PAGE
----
Dylan Scott, Vox:
But that good news has been dampened somewhat because the media has focused on another number: efficacy, or how effective the vaccines are in preventing any illness at all, however mild it is. Viewed through that prism, the Johnson & Johnson vaccine (with a 66 percent efficacy rate) looks substantially worse than Pfizer/BioNTech’s or Moderna’s (both 95 percent efficacious).
But I’ll let you in on a secret: Even the 66 percent efficacy rate is an impressive result. You need only look at seasonal flu vaccines for proof.
Zeynep Tufekci, the Atlantic:
What went wrong? The same thing that’s going wrong right now with the reporting on whether vaccines will protect recipients against the new viral variants. Some outlets emphasize the worst or misinterpret the research. Some public-health officials are wary of encouraging the relaxation of any precautions. Some prominent experts on social media — even those with seemingly solid credentials — tend to respond to everything with alarm and sirens. So the message that got heard was that vaccines will not prevent transmission, or that they won’t work against new variants, or that we don’t know if they will. What the public needs to hear, though, is that based on existing data, we expect them to work fairly well — but we’ll learn more about precisely how effective they’ll be over time, and that tweaks may make them even better.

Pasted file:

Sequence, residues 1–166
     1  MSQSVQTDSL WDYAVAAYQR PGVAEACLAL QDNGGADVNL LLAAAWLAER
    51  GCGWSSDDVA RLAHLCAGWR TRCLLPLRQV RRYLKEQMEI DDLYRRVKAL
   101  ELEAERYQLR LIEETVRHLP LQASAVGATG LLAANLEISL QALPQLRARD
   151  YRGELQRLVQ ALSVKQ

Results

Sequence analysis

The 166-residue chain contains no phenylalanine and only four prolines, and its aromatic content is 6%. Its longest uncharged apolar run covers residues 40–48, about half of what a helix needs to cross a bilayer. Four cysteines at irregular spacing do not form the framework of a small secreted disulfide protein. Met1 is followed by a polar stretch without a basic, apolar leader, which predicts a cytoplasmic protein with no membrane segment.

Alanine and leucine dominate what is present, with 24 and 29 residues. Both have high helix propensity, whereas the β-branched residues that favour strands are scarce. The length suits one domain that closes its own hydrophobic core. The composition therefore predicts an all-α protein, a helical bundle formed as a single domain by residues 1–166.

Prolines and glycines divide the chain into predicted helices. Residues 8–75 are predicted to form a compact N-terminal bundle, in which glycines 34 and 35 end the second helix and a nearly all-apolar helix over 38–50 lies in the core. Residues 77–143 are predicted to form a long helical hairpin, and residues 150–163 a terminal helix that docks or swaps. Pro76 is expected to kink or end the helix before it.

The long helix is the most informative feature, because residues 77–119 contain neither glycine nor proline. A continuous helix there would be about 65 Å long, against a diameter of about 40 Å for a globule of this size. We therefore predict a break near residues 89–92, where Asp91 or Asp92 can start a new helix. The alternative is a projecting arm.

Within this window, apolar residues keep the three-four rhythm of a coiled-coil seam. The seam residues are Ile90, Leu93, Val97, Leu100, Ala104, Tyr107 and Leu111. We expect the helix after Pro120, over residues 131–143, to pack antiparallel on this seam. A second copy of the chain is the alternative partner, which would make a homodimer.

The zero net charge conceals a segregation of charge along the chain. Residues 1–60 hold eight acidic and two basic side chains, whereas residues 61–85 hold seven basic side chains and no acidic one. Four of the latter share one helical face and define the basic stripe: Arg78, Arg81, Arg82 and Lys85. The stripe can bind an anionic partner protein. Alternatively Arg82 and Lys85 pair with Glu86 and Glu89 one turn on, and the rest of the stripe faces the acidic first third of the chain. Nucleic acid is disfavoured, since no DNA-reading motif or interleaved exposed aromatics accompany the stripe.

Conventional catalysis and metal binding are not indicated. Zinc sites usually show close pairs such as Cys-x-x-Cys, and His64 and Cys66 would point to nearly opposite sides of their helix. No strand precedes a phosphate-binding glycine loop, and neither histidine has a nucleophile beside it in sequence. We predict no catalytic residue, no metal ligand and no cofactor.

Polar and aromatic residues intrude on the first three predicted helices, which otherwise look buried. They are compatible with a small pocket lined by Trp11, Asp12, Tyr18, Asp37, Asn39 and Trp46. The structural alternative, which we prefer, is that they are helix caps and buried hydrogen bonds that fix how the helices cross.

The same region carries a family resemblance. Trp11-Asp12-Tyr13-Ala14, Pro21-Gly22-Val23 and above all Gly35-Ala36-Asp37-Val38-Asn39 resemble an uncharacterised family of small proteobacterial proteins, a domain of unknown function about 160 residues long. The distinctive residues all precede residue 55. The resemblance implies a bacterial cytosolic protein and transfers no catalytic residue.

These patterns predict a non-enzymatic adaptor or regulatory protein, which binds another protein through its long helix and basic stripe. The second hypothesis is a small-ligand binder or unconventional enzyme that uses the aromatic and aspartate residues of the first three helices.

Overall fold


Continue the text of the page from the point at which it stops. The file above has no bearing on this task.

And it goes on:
A year into the pandemic, we’re still repeating the same mistakes.
We lack existing domestic production capacity for these vaccines in Canada, so we’re having to import our entire supply from Europe — at least until manufacturing facilities are completed. That means we have had hiccups in our rollout compared to the United States, where around two million doses are being administered every day now. We have vaccinated at about 20% of the rate of the U.S. so far.
But it sounds like many hiccups have been sorted out, and we’ll be fully vaccinated by the “end of the summer”. I cannot wait to see live music again.